Friday, 27 April 2012
Egypt: EGAS suspends deal to export gas to Israel
After 14 explosions on the pipeline, and the trials of those accused of selling the country short over the deal, EGAS has suspended its deal to export gas to Israel. The company cited contractual differences. It said that East Mediterranean Gas, founded by Hussein Salem and Israeli partners, “was not fulfilling its side of the deal”.
Muhammad Shu'aib , chairman of EGAS, said the decision was taken by the Egyptian General Petroleum Corporation (EGPC) and EGAS. “This is a commercial agreement between EGPC and EGAS on one side and the EMG, which is an Egyptian company specialised in exporting gas, on the other side. A trade agreement has conditions, duties and rights for each side. When one party does not fulfil its side of the deal, the agreement dictates what the other side is to do.” Abdallah Ghorab, Egyptian oil minister, said the termination was “a contractual matter and we are exercising our rights under the contract.”
International Co-operation Minister Fayza Aboul Naga said Israel had been notified five times that it was not meeting its financial obligations under the old contract. Egypt's Electricity Minister Hassan Yunis said earlier that the natural gas being exported to Israel under the controversial deal would be used domestically.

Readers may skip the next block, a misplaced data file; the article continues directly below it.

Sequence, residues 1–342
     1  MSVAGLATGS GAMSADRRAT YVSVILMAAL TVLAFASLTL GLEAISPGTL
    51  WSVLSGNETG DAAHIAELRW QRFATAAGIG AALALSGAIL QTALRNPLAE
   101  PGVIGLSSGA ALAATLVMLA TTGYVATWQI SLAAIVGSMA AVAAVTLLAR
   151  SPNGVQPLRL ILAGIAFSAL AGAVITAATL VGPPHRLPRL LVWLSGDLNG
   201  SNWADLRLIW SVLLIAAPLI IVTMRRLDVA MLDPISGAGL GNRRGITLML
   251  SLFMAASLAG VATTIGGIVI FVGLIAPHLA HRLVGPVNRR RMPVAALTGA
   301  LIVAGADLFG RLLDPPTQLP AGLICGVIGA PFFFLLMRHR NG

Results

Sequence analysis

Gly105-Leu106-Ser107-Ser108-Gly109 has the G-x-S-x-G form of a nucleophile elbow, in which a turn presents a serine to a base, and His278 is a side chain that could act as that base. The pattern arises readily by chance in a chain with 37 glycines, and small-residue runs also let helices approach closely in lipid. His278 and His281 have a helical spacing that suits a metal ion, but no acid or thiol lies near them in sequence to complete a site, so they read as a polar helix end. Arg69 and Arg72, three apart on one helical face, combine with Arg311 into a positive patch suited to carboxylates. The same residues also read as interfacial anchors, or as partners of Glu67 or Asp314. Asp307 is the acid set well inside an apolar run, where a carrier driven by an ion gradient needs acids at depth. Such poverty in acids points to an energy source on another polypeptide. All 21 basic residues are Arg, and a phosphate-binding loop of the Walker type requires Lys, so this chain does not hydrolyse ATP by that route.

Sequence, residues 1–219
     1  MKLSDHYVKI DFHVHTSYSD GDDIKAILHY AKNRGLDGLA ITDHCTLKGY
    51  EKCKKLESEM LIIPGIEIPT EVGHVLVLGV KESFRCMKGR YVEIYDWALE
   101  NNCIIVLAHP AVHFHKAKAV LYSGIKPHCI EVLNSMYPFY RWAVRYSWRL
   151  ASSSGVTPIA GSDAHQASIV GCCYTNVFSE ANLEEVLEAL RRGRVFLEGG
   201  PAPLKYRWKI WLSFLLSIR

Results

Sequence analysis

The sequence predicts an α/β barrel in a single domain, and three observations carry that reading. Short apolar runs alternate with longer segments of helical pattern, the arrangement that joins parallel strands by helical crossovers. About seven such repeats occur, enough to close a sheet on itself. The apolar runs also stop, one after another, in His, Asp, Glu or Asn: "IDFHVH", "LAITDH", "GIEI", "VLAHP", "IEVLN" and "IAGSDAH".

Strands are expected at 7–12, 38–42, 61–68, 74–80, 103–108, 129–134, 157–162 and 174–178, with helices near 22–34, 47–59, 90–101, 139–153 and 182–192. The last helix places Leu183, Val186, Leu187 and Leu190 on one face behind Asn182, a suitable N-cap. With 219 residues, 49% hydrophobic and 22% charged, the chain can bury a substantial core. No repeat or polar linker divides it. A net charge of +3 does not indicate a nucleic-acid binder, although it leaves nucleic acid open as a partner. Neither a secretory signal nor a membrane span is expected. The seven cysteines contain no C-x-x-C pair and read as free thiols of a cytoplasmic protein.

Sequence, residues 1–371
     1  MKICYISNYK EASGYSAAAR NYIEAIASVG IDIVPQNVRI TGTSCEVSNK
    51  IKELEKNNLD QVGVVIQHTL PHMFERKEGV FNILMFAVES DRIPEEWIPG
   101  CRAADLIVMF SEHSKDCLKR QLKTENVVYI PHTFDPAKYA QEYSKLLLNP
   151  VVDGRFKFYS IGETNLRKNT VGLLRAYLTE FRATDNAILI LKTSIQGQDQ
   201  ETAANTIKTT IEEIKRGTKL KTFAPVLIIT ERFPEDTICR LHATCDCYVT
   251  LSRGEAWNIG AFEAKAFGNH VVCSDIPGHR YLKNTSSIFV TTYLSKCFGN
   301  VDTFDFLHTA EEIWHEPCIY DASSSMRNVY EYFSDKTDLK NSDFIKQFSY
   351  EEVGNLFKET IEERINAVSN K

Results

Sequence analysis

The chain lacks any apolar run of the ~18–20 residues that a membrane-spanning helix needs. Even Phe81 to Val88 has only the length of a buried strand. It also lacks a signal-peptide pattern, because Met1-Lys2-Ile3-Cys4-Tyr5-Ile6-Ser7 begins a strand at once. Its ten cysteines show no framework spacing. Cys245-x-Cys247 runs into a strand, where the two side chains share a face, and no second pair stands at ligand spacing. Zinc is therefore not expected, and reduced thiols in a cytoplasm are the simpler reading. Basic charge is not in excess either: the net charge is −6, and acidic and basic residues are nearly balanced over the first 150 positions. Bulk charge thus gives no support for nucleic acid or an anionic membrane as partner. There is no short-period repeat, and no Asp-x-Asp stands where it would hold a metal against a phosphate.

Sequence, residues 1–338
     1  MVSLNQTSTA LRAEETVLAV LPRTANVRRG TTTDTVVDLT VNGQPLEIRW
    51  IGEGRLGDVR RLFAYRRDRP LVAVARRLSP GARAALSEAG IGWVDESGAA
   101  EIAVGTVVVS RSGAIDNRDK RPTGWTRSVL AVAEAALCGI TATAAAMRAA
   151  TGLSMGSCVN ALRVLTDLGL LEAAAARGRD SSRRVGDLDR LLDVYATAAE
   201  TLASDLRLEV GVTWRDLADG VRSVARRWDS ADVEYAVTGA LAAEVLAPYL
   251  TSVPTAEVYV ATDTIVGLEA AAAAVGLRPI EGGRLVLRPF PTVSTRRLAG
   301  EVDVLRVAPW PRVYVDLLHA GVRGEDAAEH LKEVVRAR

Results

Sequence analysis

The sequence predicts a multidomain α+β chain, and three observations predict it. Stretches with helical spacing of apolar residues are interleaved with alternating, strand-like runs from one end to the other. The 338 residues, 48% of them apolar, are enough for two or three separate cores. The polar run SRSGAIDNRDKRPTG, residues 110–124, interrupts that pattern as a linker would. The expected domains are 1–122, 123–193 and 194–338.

The reaction from Israel and the Israeli partners was markedly different. Yigal Palmor, an Israeli foreign ministry spokesman, denied that Israel had not been paying for the gas. Israel's finance ministry said it viewed the cancellation with “great concern”. They said it was “a government-backed contract sealed by a memorandum of understanding between Egypt and Israel that specifically refers to the (1979) peace treaty".
Egypt had been trying to raise the price of the gas sold through negotiation but there are many in Egypt who always opposed the deal as it was seen to be a way of channelling revenue into the pockets of members of the former regime. President Mubarak's sons have been tried for corruption over the deal.
According to Al Masry Al Youm, Fayza Aboul Naga told the Shura Council's Finance and Economic Affairs Committee on Monday that she expects foreign reserves to rise in May with the stabilisation of political and economic conditions. She added that foreign reserves went down by US$3 billion a month at the beginning of last year and then the rate of decline reduced to US$600 million in the past months.
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